By Lee Eric Smith, email@example.com
As the Oklahoma City Thunder took a 3-1 lead on the Golden State Warriors in Western Conference Finals, my co-worker Myron was bragging about his prediction that OKC would advance. He was ribbing me, because with the Grizzlies on vacation, I’d hitched a ride on the Warriors’ bandwagon.
I admit that OKC was playing ridiculously well — well enough to take one more game and the series. But I told him simply: “Come on, man. Golden State is more than capable of winning three games in a row.” Of course, they did that to advance to the Finals vs. LeBron James and the Cleveland Cavaliers.
I don’t feel bad about being a Golden State bandwagon guy. I love the game of basketball. I love watching it played at a ridiculously high level. Steph Curry isn’t just spectacular to watch; he’s also a humble, likeable guy. So, sure, I wanted to see them cap off their record breaking regular season by hoisting the Larry O’Brien trophy.
And they were in position to do it, too. Inverted logic seems to apply to these Warriors too. Just as it seemed (and proved) completely plausible that Golden State could win three in a row, it also seemed near impossible that they could lose three in a row, right? Surely, with a 3-1 series lead on Cleveland, they could win one more game, right?
Fast Forward to last Sunday. Me being the sucker for underdogs that I am, I was quite impressed with the Cavs’ comeback to force a Game 7 in Oakland. And in this bizarre world, a team with LeBron freakin’ James is somehow the underdog.
On “SportsTwist,” a radio show I co-hosted with Rhonnie “The Socialite” Brewer, she used to give me grief because she thought I was fawning over LeBron as we chatted up the day’s sports. She thought of it as a “bromance,” and even went as far as calling it my “LeBron-mance.”
To me the principle was the same — if you love watching basketball played at a ridiculously high level, how can you not admire the work of LeBron James? And especially in this NBA Finals, where he led the ENTIRE SERIES in points, rebounds, assists, blocks and steals? BOTH TEAMS. Ridiculously high level. In fact, Cleveland played out of their minds just to tie the series up at 3-3.
So Game 7 put me in a tough position. Sure, I wanted Golden State to finish the dream season with a championship. But I also wanted the Cavs to complete the comeback, and finish LeBron’s “prodigal son” drama — oh, while also giving Cleveland its first championship since Kennedy was president.
Can a guy be on two bandwagons at the same time?
I’m happy for LeBron and Cleveland. I’m disappointed for the Golden State Warriors, but happy for them at the same time. Some people would say that their 73-9 season is meaningless without the championship. I say rubbish to that. Let’s put it like this: One way or another, someone is crowned an NBA champion every June. But no team has cracked 70 wins in more than 20 years. To me, the 73 wins is in many ways more impressive.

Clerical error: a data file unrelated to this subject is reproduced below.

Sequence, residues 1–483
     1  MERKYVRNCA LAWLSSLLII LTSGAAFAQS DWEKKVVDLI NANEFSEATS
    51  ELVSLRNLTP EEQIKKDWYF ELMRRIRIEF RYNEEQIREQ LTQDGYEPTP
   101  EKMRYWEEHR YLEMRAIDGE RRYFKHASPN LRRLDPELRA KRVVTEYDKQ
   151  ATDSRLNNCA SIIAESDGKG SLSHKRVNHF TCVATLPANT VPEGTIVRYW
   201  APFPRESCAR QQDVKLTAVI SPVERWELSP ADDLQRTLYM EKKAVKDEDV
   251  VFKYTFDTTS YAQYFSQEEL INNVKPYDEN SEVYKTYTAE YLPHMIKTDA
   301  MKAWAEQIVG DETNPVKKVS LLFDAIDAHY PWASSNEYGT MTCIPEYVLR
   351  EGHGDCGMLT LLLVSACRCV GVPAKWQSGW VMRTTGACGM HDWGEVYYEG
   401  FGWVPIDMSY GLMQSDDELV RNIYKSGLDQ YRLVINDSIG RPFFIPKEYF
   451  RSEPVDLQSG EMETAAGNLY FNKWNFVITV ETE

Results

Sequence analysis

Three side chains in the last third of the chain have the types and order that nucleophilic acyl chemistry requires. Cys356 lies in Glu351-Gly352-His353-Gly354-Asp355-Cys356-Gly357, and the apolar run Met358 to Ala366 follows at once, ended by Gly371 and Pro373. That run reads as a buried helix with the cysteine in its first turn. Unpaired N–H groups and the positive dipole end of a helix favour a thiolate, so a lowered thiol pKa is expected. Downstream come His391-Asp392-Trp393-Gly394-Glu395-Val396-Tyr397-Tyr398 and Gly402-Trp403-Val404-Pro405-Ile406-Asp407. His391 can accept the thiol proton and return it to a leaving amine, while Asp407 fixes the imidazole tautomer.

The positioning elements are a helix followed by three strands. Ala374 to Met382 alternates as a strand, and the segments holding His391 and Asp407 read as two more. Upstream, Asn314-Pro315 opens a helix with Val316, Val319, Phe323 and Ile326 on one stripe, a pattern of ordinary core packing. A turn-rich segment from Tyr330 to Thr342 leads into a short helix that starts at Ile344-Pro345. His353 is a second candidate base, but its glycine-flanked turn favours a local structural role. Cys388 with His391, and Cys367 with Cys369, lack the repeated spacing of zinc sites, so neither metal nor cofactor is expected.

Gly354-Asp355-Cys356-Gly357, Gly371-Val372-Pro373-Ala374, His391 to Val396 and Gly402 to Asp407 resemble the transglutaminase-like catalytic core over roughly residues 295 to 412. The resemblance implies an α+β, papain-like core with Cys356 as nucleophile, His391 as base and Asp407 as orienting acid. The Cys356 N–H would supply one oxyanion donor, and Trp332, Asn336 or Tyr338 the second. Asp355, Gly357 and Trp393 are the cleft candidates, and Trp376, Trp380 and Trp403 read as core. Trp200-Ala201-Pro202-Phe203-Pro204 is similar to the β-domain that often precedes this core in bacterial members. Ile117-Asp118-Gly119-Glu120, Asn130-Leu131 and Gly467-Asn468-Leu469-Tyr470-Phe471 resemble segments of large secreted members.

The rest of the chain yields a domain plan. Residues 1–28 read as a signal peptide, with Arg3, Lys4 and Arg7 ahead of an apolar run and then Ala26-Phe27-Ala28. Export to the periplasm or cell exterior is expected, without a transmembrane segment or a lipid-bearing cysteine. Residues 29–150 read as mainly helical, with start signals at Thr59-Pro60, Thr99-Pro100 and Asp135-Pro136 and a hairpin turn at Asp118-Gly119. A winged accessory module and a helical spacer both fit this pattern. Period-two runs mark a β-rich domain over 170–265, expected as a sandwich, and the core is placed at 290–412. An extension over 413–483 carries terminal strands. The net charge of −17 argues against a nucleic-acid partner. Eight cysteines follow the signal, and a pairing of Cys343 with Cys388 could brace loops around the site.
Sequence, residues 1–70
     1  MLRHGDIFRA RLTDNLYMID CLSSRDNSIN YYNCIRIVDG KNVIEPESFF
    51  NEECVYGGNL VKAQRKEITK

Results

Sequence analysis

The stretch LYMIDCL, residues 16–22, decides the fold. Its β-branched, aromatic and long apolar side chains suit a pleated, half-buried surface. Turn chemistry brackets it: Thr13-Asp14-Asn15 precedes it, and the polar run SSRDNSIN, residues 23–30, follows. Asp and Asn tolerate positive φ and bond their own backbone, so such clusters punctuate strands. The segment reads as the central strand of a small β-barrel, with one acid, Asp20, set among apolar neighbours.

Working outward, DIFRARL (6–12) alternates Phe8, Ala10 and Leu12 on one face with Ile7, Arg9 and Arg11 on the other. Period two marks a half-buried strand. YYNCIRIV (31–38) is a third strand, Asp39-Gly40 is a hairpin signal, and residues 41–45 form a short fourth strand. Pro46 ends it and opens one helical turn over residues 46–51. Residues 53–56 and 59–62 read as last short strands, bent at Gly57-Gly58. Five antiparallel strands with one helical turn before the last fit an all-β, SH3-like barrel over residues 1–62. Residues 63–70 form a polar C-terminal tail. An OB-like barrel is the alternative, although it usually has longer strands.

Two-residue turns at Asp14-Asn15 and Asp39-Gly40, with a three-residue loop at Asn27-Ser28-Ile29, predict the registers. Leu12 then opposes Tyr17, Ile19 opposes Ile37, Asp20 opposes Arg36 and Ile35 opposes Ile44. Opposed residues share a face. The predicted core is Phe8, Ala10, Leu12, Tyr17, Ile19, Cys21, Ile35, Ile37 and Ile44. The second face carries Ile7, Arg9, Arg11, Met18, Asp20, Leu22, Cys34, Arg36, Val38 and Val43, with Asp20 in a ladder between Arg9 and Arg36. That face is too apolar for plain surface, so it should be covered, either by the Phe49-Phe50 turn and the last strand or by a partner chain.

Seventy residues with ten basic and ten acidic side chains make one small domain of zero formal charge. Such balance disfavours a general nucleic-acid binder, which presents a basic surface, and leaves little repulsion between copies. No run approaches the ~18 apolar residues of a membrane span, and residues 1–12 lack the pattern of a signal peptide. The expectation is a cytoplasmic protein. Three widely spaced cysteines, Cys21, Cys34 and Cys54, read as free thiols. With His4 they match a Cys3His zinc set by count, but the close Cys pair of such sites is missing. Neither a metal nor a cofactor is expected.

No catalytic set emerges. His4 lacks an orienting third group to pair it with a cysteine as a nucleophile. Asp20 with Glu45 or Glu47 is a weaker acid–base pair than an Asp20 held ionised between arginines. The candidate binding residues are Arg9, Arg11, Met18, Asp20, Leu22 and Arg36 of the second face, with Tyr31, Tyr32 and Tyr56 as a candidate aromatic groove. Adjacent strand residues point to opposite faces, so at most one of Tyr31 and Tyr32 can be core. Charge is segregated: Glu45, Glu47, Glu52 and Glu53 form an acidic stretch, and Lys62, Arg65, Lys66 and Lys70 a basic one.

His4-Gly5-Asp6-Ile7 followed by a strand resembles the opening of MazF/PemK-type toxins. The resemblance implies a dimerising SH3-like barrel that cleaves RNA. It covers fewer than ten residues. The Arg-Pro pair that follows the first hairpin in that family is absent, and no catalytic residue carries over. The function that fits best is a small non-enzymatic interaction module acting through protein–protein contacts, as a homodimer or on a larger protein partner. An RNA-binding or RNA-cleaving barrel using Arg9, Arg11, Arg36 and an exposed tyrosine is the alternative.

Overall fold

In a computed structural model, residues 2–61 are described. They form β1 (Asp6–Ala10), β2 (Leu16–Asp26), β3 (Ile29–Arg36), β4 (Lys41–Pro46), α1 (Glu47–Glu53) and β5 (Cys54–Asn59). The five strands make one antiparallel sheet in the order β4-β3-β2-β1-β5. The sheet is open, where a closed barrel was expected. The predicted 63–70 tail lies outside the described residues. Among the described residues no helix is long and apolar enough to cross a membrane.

But I know Steph, Klay Thompson, Draymond Green and the rest of the squad don’t feel that way. They’re hurting, and honestly, they’re probably pretty ticked off — and highly motivated. Remember how the San Antonio Spurs returned with a vengeance after losing to Miami in the 2013 Finals? They ripped through the league and playoffs, and finished off the Heat 4-1 to with the title in 2014. I’m eager to see Golden State in the fall — and a little scared. The concept of that squad angrily getting even better is both awesome and terrifying.
Of course, my ultimate dream is to see a championship parade down Beale Street. But if I can’t have that, maybe the basketball gods will bless us with a third matchup between these two MVPs and their teams.
And maybe I’ll be able to pick a bandwagon instead of trying to ride them both at the same time.
Draft Day — yawn
It’s a sad reality of the printed newspaper business: One day it’s news, the next day it’s old news.
Take for instance the NBA Draft, which takes place tonight (June 23). The Grizzlies own the No. 17 pick, and one of our talented interns, Keith Sanders, has compiled his ruminations on who the Grizzlies might choose.
So here’s the thing: If you’re reading this any time after June 23, the Grizzlies have already made their pick. You know who it is, and all of Keith’s prognostications are, well, old news.
But go ahead and read them anyway. Keith is a promising student journalist at the University of Arkansas-Pine Bluff, who wants to do sports videography. He’s graduating in December and his draft preview is worth checking out — even after the draft is over.
And then there’s this: Will it even make a difference? The Grizzlies are so historically bad in the draft that no one – not even their fans – expect them to find an impact player, like, EVER. In fairness to the Grizzlies, one reason they’ve struck out so much recently is because they’ve been a playoff team. Outside of trades to move up, a playoff team typically won’t have a lottery pick, which is where the most talented players tend to go. Finding an impact player – let alone and immediate impact player – is extremely rare outside the lottery.
But there’s still gold down there. Kawhi Leonard, Draymond Green, Rodney Hood were all selected with later draft picks. So I hope the Grizzlies get this one right. But I’m not optimistic.
But whatever you do, check out Keith’s preview. And after that . . .